Limited Liability Company: Advantages and Disadvantages

Limited Liability Company: Advantages and Disadvantages

A limited liability company or LLC is a legal form of a private limited company in the United States. It is a hybrid business entity with some characteristics of both a corporation and a partnership or a sole proprietorship. To be specific, the business structure of an LLC combines the pass-through taxation of a partnership or sole proprietorship with the limited liability of a corporation.

This legal form of a business can also elect to be taxed as an S corporation, C corporation, partnership, or sole proprietorship as long as a particular LLC qualifies under the desired tax classification.

The Pros: Advantages of a Limited Liability Company as a Form of Business in the U.S.

Critical to the advantage of a limited liability company is that it combines the limited liability of a corporation with the tax benefits of a partnership or sole proprietorship.

Below are the specific advantages of an LLC:

1. Limited liability: Owners or members of an LLC have limited liability. This means that unlike in partnerships and sole proprietorships and similar with corporations, they do not assume the risks for any debts or financial obligations and some acts incurred by their companies.

2. Flexibility in allocation: The amount of money members invest in an LLC does not need to be equal to their percentage of ownership. Portions of profits and losses can be assigned to owners using an operating agreement. This also means that an investor can finance half of an LLC without necessarily owning half of the business.

3. Taxation benefits: There is no double taxation or no need to pay U.S. federal tax if an LLC elects to be taxed as a partnership or sole proprietorship. Profits are taxed personally at the members. This is called pass-through taxation. Furthermore, each member of an LLC writes off his or her losses on his or her personal income taxes.

4. Freedom in management: Operating an LLC requires less administrative and paperwork. A limited liability company does not hold regular meetings nor issue stock certificates. Record keeping and auditing the financial statement of an LLC are less tedious depending on the requirements of the members. This is a considerable advantage of an LLC over corporations.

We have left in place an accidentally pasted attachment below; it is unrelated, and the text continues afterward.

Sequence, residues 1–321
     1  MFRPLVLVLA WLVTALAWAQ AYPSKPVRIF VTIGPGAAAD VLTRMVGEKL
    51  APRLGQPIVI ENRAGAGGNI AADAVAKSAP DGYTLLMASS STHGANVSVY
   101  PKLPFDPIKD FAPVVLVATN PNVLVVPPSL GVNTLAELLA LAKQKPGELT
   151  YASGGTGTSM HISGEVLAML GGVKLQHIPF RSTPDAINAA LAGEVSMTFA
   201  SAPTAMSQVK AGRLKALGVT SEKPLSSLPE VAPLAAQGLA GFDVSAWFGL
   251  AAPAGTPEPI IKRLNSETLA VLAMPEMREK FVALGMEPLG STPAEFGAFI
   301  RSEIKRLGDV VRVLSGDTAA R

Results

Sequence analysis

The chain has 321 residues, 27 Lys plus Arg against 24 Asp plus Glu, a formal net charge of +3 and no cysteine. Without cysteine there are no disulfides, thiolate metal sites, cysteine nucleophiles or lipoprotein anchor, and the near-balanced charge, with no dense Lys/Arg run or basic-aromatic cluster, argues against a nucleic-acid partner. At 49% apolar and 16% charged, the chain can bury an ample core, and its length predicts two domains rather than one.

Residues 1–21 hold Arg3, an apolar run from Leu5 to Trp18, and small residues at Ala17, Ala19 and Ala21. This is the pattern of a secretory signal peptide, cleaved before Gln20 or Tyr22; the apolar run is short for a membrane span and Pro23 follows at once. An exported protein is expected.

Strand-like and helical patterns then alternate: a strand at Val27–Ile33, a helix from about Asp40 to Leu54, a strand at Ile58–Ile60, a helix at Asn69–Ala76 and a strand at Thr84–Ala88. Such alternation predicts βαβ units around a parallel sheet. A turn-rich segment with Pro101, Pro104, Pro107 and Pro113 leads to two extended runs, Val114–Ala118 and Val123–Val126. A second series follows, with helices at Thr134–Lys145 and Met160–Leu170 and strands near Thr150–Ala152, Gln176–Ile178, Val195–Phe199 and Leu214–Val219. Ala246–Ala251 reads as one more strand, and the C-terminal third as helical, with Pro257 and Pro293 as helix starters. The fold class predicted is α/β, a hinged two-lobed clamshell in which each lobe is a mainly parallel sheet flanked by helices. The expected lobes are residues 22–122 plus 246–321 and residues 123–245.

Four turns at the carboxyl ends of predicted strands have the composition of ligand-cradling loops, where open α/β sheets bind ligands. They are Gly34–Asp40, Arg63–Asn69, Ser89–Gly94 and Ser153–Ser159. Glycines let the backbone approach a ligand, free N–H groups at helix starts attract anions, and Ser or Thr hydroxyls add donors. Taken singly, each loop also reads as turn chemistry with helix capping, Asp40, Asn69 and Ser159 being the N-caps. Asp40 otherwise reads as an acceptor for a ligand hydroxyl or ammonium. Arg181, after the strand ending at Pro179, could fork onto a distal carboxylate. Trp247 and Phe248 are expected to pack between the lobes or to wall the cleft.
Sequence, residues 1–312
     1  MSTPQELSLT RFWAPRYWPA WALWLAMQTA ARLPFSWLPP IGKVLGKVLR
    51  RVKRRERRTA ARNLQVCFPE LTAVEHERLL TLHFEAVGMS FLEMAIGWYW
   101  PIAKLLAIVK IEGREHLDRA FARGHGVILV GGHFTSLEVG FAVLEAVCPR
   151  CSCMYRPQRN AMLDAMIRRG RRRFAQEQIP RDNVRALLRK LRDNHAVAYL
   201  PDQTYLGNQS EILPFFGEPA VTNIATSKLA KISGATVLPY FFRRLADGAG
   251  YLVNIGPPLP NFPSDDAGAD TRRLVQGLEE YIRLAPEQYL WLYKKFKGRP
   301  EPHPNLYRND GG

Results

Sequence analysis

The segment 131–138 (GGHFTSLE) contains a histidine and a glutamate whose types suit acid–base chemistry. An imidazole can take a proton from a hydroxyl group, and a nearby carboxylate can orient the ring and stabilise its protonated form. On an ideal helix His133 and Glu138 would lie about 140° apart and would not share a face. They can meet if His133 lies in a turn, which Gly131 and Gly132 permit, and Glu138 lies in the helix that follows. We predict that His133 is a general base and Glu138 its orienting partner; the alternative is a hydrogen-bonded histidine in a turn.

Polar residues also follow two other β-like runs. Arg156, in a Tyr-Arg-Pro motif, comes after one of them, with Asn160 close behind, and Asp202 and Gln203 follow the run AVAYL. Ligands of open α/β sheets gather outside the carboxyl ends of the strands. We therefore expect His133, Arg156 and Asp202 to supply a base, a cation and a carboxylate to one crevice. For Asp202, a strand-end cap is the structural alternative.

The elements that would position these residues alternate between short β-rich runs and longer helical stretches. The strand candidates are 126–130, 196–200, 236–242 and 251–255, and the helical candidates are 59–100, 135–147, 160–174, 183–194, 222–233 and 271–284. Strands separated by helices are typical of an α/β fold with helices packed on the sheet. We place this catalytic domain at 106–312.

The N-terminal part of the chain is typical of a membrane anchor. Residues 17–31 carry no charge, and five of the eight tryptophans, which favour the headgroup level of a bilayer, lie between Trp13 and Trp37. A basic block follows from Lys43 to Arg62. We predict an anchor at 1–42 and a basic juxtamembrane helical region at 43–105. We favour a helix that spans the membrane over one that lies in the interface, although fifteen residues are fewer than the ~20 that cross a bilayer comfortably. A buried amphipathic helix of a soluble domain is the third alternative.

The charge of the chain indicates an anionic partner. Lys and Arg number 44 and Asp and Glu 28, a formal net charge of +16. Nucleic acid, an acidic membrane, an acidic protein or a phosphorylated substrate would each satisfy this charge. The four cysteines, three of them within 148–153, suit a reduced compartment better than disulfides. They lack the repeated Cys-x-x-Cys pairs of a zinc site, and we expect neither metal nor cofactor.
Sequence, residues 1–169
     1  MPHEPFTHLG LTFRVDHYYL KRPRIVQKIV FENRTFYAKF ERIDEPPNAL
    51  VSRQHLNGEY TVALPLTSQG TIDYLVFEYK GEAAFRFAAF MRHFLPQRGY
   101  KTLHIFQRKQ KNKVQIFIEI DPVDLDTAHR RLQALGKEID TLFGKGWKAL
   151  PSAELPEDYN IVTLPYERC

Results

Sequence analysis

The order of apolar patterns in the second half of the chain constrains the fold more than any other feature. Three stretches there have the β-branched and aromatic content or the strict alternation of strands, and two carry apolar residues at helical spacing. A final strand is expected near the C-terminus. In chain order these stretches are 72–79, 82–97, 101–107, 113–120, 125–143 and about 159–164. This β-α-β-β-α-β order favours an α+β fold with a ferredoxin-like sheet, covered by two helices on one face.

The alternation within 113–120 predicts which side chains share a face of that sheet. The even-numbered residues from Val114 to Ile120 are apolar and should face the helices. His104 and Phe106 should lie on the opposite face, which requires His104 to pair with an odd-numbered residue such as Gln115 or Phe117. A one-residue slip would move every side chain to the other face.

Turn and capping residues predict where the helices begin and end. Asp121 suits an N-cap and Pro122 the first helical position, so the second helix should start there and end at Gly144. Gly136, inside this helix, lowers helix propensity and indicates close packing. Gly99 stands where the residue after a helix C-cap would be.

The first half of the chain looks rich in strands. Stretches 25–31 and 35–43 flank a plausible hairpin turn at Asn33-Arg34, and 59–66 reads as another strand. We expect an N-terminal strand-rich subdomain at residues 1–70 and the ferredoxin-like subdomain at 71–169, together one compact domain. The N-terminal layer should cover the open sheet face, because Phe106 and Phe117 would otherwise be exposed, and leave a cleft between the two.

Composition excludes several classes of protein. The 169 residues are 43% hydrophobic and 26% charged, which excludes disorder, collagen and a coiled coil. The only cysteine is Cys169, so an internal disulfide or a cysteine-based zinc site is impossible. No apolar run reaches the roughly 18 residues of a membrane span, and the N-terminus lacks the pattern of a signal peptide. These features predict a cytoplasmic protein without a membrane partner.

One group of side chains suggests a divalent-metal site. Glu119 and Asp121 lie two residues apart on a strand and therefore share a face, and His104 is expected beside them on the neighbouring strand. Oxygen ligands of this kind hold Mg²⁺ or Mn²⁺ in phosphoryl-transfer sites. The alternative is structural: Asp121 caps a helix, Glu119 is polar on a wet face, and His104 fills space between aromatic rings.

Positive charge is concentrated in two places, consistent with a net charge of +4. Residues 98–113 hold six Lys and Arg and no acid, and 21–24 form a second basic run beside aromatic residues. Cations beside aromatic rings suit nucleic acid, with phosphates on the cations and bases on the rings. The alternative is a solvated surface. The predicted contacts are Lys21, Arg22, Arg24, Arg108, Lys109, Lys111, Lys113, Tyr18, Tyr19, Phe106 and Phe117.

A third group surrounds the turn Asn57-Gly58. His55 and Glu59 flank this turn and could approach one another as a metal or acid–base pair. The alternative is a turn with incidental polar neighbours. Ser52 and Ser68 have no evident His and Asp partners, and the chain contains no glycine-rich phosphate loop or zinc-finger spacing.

5. Flexible number of members: There is no minimum or maximum number of members in an LLC, just like a corporation. Another interesting thing to note is that while an LLC can have as many members as desired, most states also allow a sole individual to create and operate his or her own limited liability company.

6. Corporations or partnerships can be members: Another advantage of a limited liability company is that legal entities such as corporations or partnerships can also be part owners. Hence, this translates into expanding the ability of an LLC to secure financing and other resources to fund its operation or current and upcoming projects. Note that some companies use an LLC when forming a joint venture.

7. LLC can have a management group: Members of an LLC are free to hire a management group. Most of the decision-making in partnerships and sole proprietorships are made entirely by the business owners. A limited liability company can hire individuals to form a management group that will run the company.

The Cons: Disadvantages of a Limited Liability Company as a Form of Business in the U.S.

While the advantages of a limited liability company can encourage individuals to set up their business under this legal form and structure, it is also essential to note the disadvantages.

Below are the disadvantages of an LLC:

1. Self-employment tax: Professional firms such as a law or accountancy firm might find it preferable to set up their businesses under an S corporation. U.S. laws provide that profits of an LLC are subjected to self-employment tax of members. In comparison, owners of an S corporation are individually taxed based on their salaries. The remaining profits of an S corporation are subjected to income tax.

2. Paying franchise tax: Several states, including Alabama, California, Kentucky, New York, Pennsylvania, Tennessee, and Texas, levy a franchise tax or capital value tax on a limited liability company. This tax is the fee an LLC pays to the state for having the limited liability benefit. This is a disadvantage of LLC over sole proprietorship and partnership.

3. Difficulty in finding investors: Corporations can issue stock to increase their funds. A limited liability company can have a hard time finding an investor and sourcing capital because unless they are able to satisfy the requirements of institutions such as banks, venture capitalists, or angel investors.

4. Limited eligibility: Some types of businesses are not eligible to structure themselves as a limited liability company. Examples of these include banks, insurance companies, and medical or healthcare services companies.

5. Additional or higher fees: Another key disadvantage of a limited liability company is that it typically pays more business registration fees than partnerships or sole proprietorships. Some states require yearly renewal fees. But these fees are less than what C corporations have to pay.

6. Confusion across jurisdictions: Different states have different laws and regulations for limited liability companies. For example, the District of Columbia considers LLCs as taxable entities and subjects them under double-taxation. Taxing jurisdictions outside the United States are likely to treat a U.S. LLC as a corporation.